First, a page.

Republican congressional hopeful John Faso probably isn’t the only down-ticket candidate giving Donald Trump wide berth this year. He’s just the only one I could reach by phone.
I rang up the former state Assembly minority leader to ask if he’d gotten any lift from the “Trump bump” after last month’s GOP national convention in Cleveland. The short answer could have been “Donald who?”
Clearly, Faso was having none of his party’s ticket-leader. “The public will decide the outcome of the presidential campaign,” he said. “I’m running for Congress in the 19th Congressional District and that’s what I’m focused on. I watched virtually neither of either convention. When I had spare time, I wasn’t spending it on conventions.”
I tried another approach. Did Faso think Trump’s candidacy would affect (Republican) turnout? “I don’t worry about things that are beyond my control, and that’s one of them,” he replied. Obviously, he has given it some thought. “With both [presidential] candidates carrying some of the highest negatives in recent years, I’m not sure which side is advantaged. It’s hard to say,” he said.
“Hard to say” wasn’t exactly what I was looking for, but then stat-man Faso came through with some figures meant to tilt perception in his direction. “If you look at the last two elections in the district,” he volunteered, “the combination of Republican and Conservative votes outnumbered Democratic and Working Families votes by about 10,000.” Faso carries both banners, in addition to the Independence and Reform Party lines. Democrats outnumber Republicans in the district by about 2,500.
Zephyr Teachout, his Democratic and Working Families opponent whom he did not mention, was not available for comment.
Faso knows of course that those margins were achieved by the very popular three-term U.S. Rep. Chris Gibson, who buried Democrat Sean Eldridge by almost two-to-one two years ago. As a newcomer to the southeastern end of the district, Gibson also easily handled Julian Schreibman, the man who would succeed Democrat Maurice Hinchey, in 2012. The president carried the district by about four points.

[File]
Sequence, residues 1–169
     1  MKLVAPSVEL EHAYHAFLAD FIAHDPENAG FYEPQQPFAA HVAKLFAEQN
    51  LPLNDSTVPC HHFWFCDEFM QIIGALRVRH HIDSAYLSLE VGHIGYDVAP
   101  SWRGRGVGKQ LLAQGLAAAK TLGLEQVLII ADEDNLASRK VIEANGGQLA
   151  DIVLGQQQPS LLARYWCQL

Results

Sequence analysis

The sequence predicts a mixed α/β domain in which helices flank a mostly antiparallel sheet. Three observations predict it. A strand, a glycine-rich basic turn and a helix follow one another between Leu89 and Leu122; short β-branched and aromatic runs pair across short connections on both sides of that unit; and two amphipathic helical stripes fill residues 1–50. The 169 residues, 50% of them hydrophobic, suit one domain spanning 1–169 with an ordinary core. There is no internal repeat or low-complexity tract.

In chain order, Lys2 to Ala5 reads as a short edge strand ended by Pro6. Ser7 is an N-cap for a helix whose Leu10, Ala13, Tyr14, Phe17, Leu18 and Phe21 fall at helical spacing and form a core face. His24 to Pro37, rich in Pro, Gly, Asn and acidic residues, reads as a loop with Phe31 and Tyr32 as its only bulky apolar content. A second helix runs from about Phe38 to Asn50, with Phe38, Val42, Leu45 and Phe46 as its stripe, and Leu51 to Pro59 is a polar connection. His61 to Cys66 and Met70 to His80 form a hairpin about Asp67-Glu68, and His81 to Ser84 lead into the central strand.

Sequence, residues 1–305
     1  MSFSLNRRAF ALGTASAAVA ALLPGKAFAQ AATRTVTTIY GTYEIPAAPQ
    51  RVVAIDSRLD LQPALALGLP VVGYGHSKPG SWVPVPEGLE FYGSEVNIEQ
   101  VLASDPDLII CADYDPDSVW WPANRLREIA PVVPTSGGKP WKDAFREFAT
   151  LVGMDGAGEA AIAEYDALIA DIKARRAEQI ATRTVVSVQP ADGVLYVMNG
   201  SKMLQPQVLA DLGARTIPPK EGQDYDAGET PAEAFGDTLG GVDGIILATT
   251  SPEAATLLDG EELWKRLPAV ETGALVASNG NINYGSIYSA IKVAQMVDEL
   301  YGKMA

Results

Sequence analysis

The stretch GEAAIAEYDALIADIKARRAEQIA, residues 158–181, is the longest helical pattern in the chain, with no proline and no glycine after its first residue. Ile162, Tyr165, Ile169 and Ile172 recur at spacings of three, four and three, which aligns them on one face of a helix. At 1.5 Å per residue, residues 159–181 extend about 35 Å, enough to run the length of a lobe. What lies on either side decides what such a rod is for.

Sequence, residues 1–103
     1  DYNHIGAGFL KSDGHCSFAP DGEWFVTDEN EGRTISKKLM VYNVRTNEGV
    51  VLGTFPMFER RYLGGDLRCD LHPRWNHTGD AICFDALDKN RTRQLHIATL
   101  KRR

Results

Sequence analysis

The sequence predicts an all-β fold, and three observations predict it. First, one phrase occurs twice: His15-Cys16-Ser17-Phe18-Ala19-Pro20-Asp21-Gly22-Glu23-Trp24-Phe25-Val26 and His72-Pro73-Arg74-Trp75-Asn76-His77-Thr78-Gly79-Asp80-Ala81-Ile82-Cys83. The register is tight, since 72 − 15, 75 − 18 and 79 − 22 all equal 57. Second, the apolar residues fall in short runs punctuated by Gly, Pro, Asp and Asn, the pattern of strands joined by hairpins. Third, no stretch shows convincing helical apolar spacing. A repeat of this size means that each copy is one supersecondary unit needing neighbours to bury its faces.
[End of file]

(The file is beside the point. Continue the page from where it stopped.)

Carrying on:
Chris Gibson as the model
Obviously, Faso hopes past is prologue and that the retiring but still and ever-popular Gibson could be his ticket to the dance. “He has given me his wholehearted support,” Faso said of his Kinderhook neighbor. Perhaps sensing a scoff, he added, “We marched together in five Fourth of July parades and we went to the Ulster County Fair together last week. In many respects, I view him as a model for reaching out and trying to work out differences in what is essentially a 50-50 country.”
As a minority leader in the highly partisan rough and tumble state legislature (1987-2002), Faso wasn’t necessarily known for reaching across the aisle, but he read the bills and questioned conventional wisdom. He agrees with Hinchey that service in the combative, if not corrupt, state legislature (Hinchey did 18 years) prepared him for the more genteel Congress of the United States.
Still, there’s that Trump fellow. Treading a fine line between Trump bombast and the depths of anger and frustration that carries his candidacy, Faso for now chooses to err on the side of caution.
In different ways, Teachout also seems to be holding her top of the ticket at arm’s length. Only recently a sharp critic of Hillary Clinton, Teachout of late has joined the team, however tentatively. Faso, who relishes beating on people with their own records, has gleefully dredged up 2014 Teachout quotes on Clinton “corruption.” She in turn calls him a lobbyist for big corporations, a career politician — out of politics for almost a decade, actually — and a has-been. I can hardly wait for the face-to-face debates between these two.
Already suffering from Trump fatigue, I made one last attempt to get Faso on the record.
Noting that he, like Teachout, campaigns around the sprawling district for something like 15 hours a day, day in and day out, I asked Faso what he was hearing about Trump.
“People ask me about him, usually after their heads stop spinning,” he said with a chuckle. “It’s amazing that in a country of 300 million people these are the two people the major parties are offering the public for president.”
I think that fairly states Faso’s position, at least for now.
Taking care of business
Work on the replacement of the Carmine Liberta Bridge in New Paltz is rapidly nearing completion, but not without the kinds of hiccups that sometimes accompany construction projects. To the apparent surprise of everyone, the western end of the almost-finished temporary bridge collapsed last week. No one was hurt, and engineers quickly devised a backup plan to address the issue.
That County Executive Mike Hein was on the scene almost before the last hunk of embankment had muddied the already polluted Wallkill River west of the village indicates the investment he has in this project. New Paltz is after all Hein’s hometown, where he attended high school as a star athlete. Moreover, he was point man in a highly publicized cooperative town-village-county community planning effort that except for last week’s unpleasantness has everyone singing his praises.